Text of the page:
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How to work the planning system

What was once virgin agricultural land in Bidnija has been formalised into a variety of amenities behind high masonry walls, by breaking all the rules in the planning books. Most of this development has now been sanctioned by the Planning Commission. 

What was once virgin agricultural land in Bidnija has been formalised into a variety of amenities behind high masonry walls, by breaking all the rules in the planning books. Most of this development has now been sanctioned by the Planning Commission. 

Away from the Delimara Floating Storage Unit, Townsquare and Mrieħel high-rises and other cause celebres which hog the limelight, there is a constant onslaught on countryside ODZ areas which goes on under the radar, without anyone batting an eyelid except for those directly impacted by the largesse of the Planning Authority.

Take a site in Triq il-Ħzejjen in Bidnija, as outlandish a name and as backwater a location as it can get. For centuries this was a farmers’ hamlet, until it fell in the sights of those aspiring to develop a luxurious countryside residence which chimes with the agricultural character of the area.

The site’s convoluted history starts off with the issuing of a permit, on June 5, 2010, for the development of pool facilities, water reservoir and tool store within the precincts of a previously approved two-storey farmhouse.

The timeline gets much more interesting when, the following year, an enforcement notice (ECF 00546/11) is issued by Mepa upon a report by the Ramblers Association, since the previously granted permit had simply been used to build a second swimming pool outside the cartilage of the two-storey farmhouse – on agricultural land lying opposite.

This was not the only flagrant abuse which was perpetrated on site: perimeter walls made of masonry rather than rubble, and two metres high rather than the sanctioned 1.2 metres, were constructed in order to screen further illegal development within the site of the new swimming pool, since they were not needed to retain soil cover.

A gargantuan (63 square metres) ‘agricultural store’ was also built behind these high walls, an unjustified building given the total number of tumoli of farmland held by the applicant. It is allegedly (as per case officer’s report) being used as a garage, its hideous green aluminium apertures and galvanised metal of the door also jarring with the vernacular nature of the farm holdings in the area. Yet another blatant infringement on site is the construction of dog kennels and of a dog enclosure.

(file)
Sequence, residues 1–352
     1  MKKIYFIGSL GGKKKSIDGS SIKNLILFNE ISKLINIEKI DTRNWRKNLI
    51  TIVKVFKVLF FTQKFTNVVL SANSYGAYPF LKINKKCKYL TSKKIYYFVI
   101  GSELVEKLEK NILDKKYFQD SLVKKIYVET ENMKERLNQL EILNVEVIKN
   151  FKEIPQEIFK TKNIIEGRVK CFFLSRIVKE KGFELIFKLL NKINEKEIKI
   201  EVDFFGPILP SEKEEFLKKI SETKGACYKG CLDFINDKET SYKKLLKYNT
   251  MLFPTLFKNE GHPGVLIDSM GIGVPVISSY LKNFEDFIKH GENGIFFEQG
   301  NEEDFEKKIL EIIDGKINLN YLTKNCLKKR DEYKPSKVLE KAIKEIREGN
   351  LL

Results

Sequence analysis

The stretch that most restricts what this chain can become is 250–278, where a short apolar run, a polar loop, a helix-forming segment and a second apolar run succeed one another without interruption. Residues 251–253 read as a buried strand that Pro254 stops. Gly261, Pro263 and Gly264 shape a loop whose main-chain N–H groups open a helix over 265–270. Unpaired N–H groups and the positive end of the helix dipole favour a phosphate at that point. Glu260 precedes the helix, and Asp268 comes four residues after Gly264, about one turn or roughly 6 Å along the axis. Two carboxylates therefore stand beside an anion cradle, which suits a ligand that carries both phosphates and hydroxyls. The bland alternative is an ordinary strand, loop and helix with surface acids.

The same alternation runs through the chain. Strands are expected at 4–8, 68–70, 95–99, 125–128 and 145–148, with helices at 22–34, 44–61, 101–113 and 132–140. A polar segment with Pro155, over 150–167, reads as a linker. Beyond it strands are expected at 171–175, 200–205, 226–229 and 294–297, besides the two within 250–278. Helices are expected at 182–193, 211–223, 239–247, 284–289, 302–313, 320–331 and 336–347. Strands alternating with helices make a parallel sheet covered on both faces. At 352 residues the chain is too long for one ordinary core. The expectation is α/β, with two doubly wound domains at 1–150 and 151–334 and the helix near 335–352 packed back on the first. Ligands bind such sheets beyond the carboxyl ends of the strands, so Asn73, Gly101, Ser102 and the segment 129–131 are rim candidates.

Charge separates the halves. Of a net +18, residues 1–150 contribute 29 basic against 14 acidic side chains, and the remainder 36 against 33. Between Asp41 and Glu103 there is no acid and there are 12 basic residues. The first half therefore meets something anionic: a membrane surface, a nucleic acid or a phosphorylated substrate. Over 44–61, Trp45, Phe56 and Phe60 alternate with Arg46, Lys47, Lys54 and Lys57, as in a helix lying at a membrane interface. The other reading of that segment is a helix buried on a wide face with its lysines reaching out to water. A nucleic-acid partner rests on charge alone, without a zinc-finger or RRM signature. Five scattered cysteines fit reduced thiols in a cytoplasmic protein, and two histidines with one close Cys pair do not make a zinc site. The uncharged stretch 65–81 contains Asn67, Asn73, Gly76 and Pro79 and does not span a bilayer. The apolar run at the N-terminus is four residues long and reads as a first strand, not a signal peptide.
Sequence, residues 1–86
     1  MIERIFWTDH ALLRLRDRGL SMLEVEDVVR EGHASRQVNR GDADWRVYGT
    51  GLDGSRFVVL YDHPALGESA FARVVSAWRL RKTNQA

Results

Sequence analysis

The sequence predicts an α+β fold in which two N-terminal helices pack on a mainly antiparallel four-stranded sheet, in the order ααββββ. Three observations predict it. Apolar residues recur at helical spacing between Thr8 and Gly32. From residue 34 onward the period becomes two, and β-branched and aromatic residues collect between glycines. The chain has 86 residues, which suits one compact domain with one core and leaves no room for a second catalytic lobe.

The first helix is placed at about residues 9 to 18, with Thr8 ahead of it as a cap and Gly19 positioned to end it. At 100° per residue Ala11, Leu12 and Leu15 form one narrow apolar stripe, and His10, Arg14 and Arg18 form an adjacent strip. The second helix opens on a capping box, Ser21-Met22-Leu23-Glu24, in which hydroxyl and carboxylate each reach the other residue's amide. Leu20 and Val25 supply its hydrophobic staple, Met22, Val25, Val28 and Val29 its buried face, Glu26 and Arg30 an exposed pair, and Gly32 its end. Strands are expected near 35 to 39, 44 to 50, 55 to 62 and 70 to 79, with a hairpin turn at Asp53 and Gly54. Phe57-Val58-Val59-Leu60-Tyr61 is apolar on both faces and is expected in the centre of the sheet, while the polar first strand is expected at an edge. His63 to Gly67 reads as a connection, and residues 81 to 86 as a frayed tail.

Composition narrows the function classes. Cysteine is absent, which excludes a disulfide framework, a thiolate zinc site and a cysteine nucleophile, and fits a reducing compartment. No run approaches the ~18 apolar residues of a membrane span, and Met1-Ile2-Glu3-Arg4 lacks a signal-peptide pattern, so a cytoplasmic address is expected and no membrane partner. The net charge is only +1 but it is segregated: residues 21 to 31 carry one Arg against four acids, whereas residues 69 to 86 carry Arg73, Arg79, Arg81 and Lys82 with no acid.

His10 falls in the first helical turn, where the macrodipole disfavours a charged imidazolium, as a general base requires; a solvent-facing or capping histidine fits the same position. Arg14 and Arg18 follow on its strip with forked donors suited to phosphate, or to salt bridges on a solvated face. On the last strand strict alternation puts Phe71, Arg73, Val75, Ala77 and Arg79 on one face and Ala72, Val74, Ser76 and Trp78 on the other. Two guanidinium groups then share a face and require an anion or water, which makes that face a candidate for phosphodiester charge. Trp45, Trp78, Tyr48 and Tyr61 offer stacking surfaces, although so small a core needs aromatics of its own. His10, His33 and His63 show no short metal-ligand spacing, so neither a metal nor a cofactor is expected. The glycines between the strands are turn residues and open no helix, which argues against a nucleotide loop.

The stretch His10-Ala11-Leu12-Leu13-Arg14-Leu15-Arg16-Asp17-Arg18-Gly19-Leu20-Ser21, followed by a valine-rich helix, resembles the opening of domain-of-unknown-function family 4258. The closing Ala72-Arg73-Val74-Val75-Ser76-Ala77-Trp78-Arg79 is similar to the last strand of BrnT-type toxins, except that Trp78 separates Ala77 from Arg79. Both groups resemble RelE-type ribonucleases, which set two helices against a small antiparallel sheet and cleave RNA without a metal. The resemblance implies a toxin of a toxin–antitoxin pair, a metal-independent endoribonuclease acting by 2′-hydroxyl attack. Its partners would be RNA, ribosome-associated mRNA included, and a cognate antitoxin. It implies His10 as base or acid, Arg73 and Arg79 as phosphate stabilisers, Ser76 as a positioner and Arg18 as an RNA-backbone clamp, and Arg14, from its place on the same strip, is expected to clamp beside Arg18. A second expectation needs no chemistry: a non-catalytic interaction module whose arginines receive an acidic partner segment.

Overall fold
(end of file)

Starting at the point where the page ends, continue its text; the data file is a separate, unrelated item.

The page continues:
The bottom line of such glaring and rampant infringements is that a former field lying opposite the originally permitted site (and not within), for a total area spanning over 1,400 square metres, has been formalised into a country residence with a swimming pool (the applicant had already been granted a permit for another swimming pool right across the road) and other amenities, all conveniently shiel­ded from view by high perimeter walls and landscaping.

Against such brazen behaviour, one would expect the full force of the law to be applied to the applicant. Initially, there was some hope that this would indeed be so. When an application for sanctioning of such flagrant infringements was submitted, Mepa would not even consider it and issued a screening letter in December 2011 stating that the illegalities could not be sanctioned. In the space of a few weeks, the applicant, through its architect Robert Musumeci, promptly submitted an appeal against the decision, which was decided upon a full three years later, in February 2015, when the planning institutional landscape had changed completely.

In fact, the appeal was decided upon by the newly-instituted ERT (Environment Review Tribunal), which is actually a misnomer as it has little if any environmental ethos. Predictably, the ERT endorsed the arguments of the applicant in the appeal and ordered the Planning Directorate to re-consider the applicant’s sanctioning application.

The re-consideration was not made by the Planning Board but at Planning Commission stage, where probing media and NGOs are largely excluded and which is mainly composed of architects.

This tragi-comedy came to a fitting end in December 2016 when the Planning Commission, headed by architect Elizabeth Ellul, who orchestrated the drafting of the revised ODZ regulations in 2014-2015, in one of its perfunctory sittings sanctioned the illegalities. This was despite a strong recommendation against approval by the Planning Directorate through its case officer.

As a token gesture to those opposing such scandalous sanctioning, the Planning Commission decreed that the de facto garage (originally permitted as an agricultural store) be demolished and the second pool be converted to a reservoir, to be covered under a layer of soil, while all other infringements were allowed to stand.

Bottom line is that the applicant worked the planning system to a tee to his/her own advantage, by exploiting to the full the provisions of the revised ODZ regulations and by engaging an architect who played a part in the revision of these regulations through his role as planning consultant to government. This is well and truly a textbook case of what’s wrong with the current planning system and encourages future applicants to try their hand by conveying the message that patience pays off at the end of the day.

Farmers who have witnessed at first hand the encroachment by non-farmers on agricultural land in Bidnija and who have objected with Ramblers to such hideous developments understandably feel short-changed by the current planning system. The farmer affected by this particular development has now been forced to access his fields through a narrower corridor.

I wonder if those responsible for this mess can live with sucha reality?

alan.deidun@gmail.com

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